Has anyone looked at buying RE via a self directed IRA vs cashing out the IRA, paying the penalty and putting funds into a business account and having full control of funds Immediately?
I'm fairly new to this & have been reading and researching this similar option for the last week. Look up "Solo401k" or "Self-Directed" 401k. The Solo option allows you to be tax deferrable and in most instances you can with manage it yourself with checkbook writing or through some companies like Fidelity, they require a TPA/Custodian to help manage the documents for REI & things. There are companies (probably will have some individuals contact you on here) that can point you in the right direction. As I understand it, the self directed IPA is limiting to other assets like traditional investing, but not necessarily for REI. Good luck! Not sure if I helped much, but I think you'll want to read about Solo401k's.
You can establish a self-directed retirement plan capable of investing in real estate in either an IRA or Solo 401(k) format. Which will be best for you will depend on your specific situation and goals.
The advantage of using the retirement plan to invest in real estate is that you will have access to the full amount of your retirement capital and any growth through cash flow and appreciation will be tax deferred. This will allow you to grow your retirement savings - hopefully more consistently than in conventional assets if you know what you are doing with real estate. Of course, within the framework of an IRA or Solo 401(k), it is not you investing in real estate with that tax sheltered money, but rather the retirement plan being invested in real estate. All income accrues to the plan. It is just a different way of building retirement savings.
If you were to cash out the plan, you will do two things that are negative right off the bat; significantly reduce the amount of capital you have to invest with through state and federal taxes as well as a 10% penalty if you are under 59 1/2 years old, and likely significantly increase your marginal tax rate on all of your income in the year in which you distribute a lump sum from your plan to yourself.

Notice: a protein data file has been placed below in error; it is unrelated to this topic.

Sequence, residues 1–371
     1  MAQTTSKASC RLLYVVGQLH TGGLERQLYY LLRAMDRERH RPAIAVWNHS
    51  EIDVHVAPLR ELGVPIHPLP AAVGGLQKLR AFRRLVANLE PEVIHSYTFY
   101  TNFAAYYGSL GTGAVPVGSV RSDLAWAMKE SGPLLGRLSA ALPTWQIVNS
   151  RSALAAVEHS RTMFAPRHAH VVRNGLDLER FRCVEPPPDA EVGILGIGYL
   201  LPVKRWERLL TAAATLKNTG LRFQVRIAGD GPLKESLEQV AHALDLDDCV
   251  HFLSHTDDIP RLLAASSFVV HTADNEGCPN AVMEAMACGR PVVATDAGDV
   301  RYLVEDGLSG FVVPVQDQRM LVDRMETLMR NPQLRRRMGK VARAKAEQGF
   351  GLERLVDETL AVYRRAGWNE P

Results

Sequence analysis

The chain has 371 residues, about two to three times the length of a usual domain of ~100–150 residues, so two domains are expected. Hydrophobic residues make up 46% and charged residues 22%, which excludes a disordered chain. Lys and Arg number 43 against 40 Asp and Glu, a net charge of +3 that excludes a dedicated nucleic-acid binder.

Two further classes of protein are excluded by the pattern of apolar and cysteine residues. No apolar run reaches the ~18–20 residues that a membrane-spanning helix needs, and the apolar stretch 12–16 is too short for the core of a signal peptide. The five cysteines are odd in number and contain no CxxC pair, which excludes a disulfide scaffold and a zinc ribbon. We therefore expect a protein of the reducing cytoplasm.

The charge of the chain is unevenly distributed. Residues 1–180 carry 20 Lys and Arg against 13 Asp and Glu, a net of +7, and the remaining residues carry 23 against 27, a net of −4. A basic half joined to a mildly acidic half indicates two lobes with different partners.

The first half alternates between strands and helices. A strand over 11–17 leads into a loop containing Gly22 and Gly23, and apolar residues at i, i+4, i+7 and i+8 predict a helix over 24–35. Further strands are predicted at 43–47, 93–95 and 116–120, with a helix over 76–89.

Brian I have been headed down the path roll 401k into self directed or solo IRA but keep hearing the noise about withdrawal. Done right with the right investments over the next 10 yrs I can see myself maximizing the new IRA while also building a new 401 or deciding to not contribute and use the funds for out of retirement plan investments. Thks
As has been pointed out, you can have full control of funds without cashing out your retirement account. There are several ways to do so, the two most common approaches are (a) Checkbook Control IRA and (b) Checkbook Control Solo 401k. With either of those you may able to consolidate all retirement cash in one account for maximum investment.
Using a Solo 401k is very often the better option for RE investing, but you must qualify. Another factor to consider is the value of paper losses outside of the retirement account, which depends on your personal tax profile.
I Have a self directed IRA and have purchased 2 rental properties that are held in trust through the IRA all profits made from those rentals return to the IRA therefore building our retirement funds. We will continue to allow it to build then buy more properties. All of this is tax deferred so the income is not counted against us. Using the money in the IRA for any fixing, HOA fees, or maintenance on the properties is really pretty simple. We use a company called Equity Trust and have been very happy with them. Good luck to you.
That sounds good. Congrats on self-directed your retirement funds. As a real estate agent, you may be eligible for a Solo 401k that would offer many benefits and likely save you quite a bit of money over your current structure in the long run.
Great insight much appreciated! Very useful information.